ladysmith black mambazo

MusicWatch Weekly: Streams & tributaries

Electronica, Celtica, Symphonica, Jazz, and Ladysmith Black Mambazo

Last week, when we started talking about “living traditions,” we found that problematizing “world music” opened up the possibility that all genres are a form of tradition–a vast world of traditions within traditions, interacting with each other, ever-evolving, world without end, amen. We’ll be getting into all that in due course. For now, dear reader, we have more homework for you: another week’s worth of concerts, all geared toward your tradition-loving enjoyment and edification.

We’ll start with Japanese composer Takako Minekawa, who doesn’t make “world music.”

Minekawa is performing twice in Portland this week. She works in what we might call the Krautrock tradition: she’s spent the last thirty-odd years crafting vintage synth-laden pop music inspired by the legendary ‘70s Japanese electronic band Yellow Magic Orchestra and the Robots of Düsseldorf Themselves. Minekawa performs a solo set Thursday (tonight!) at tone poem in Southeast Portland, so grab your bus pass and get moving. The next evening, she’s at the charming Leaven Community Center on Northeast Killingsworth for a quadraphonic concert presented in conjunction with Portland Community College’s Music & Sonic Arts Program.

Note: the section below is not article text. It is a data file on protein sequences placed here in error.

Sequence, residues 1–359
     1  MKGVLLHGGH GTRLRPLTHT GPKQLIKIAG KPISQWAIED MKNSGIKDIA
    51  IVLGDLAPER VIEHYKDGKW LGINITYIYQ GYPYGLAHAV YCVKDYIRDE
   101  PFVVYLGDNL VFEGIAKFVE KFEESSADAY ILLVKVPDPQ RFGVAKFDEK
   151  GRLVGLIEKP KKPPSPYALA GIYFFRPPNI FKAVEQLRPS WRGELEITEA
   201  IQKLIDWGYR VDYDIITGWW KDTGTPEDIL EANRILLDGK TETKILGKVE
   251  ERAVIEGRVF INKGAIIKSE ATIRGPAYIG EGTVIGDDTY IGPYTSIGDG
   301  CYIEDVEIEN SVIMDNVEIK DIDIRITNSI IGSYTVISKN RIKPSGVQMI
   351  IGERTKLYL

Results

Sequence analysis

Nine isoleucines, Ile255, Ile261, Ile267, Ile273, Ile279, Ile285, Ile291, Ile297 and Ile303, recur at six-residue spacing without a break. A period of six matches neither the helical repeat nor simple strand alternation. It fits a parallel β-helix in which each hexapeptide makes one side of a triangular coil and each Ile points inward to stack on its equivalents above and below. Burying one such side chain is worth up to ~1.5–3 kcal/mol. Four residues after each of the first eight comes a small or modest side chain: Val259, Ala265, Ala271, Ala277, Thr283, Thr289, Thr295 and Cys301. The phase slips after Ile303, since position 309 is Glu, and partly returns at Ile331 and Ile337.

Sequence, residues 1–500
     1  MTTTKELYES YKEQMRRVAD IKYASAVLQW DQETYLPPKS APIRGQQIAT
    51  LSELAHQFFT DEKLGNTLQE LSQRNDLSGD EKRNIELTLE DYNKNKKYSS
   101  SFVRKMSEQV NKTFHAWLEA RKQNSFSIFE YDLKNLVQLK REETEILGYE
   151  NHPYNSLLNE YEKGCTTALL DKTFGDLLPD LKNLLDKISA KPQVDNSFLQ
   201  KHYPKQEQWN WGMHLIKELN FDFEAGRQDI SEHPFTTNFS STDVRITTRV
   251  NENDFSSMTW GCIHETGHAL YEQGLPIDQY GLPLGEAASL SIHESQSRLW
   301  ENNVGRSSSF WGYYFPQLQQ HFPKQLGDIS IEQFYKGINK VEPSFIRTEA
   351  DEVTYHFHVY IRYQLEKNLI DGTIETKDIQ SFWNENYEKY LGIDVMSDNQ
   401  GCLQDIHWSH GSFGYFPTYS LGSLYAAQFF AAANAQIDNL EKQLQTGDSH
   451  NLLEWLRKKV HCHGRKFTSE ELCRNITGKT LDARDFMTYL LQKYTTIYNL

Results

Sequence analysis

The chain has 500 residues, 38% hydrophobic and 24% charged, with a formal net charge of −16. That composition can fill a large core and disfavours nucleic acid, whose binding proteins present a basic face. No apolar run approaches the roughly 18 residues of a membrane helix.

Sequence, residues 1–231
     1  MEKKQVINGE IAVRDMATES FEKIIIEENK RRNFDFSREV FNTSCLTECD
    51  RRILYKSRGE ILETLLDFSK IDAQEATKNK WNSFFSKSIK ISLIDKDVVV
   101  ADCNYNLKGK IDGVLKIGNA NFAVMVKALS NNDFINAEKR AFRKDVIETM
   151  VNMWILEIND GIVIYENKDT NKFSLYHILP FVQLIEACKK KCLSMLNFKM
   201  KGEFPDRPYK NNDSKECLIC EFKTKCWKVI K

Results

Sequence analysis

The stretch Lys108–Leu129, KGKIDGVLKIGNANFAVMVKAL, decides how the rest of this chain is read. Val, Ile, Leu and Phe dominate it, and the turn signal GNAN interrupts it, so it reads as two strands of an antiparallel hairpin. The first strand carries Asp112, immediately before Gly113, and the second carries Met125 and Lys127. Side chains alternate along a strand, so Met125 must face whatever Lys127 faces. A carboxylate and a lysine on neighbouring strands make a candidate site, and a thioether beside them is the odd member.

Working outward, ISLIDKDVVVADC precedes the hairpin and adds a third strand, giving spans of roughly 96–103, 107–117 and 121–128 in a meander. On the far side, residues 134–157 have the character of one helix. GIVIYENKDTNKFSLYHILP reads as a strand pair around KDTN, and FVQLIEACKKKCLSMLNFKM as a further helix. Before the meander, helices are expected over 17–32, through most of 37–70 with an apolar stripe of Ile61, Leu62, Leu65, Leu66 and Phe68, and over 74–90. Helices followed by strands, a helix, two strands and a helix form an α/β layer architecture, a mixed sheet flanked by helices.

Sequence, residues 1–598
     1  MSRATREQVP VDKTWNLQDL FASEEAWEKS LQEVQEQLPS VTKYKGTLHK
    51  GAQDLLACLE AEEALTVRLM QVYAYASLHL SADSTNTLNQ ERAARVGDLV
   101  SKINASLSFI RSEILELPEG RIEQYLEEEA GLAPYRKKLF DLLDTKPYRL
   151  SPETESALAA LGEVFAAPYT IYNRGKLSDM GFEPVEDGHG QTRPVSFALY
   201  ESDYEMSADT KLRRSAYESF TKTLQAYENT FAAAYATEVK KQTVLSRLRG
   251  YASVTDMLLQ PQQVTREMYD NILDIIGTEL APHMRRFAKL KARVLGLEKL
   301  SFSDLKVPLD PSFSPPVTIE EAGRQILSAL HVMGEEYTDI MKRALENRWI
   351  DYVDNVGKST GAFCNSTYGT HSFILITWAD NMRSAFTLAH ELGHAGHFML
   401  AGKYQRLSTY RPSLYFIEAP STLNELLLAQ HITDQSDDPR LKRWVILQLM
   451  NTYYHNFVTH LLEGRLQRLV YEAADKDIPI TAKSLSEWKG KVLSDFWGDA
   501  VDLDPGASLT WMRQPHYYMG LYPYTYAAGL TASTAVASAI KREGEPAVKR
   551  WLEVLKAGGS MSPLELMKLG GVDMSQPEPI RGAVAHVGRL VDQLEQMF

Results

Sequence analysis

Let’s circle back to “quadraphonic.” Music audio systems generally come in three varieties: the old-fashioned mono (one speaker channel), reigning champion stereo (left and right), and newishfangled quadraphonic (four channels). It’s one of those things you just have to experience live, and this concert gives you a chance to hear four masters at work on a “multi channel quad performance.” Minekawa joins Francisco Botello, Visible Cloaks, and Carl Stone (a student of Morton Subotnick, which is all you need to know).

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MusicWatch Weekly: global musical tour

Sounds from Africa, Japan, Ireland and more join jazz and classical music on Oregon stages

If America, or at least its government, seems a little crazy these days, and you can’t afford to skip the country, the week offers several opportunities for virtual world travel through music.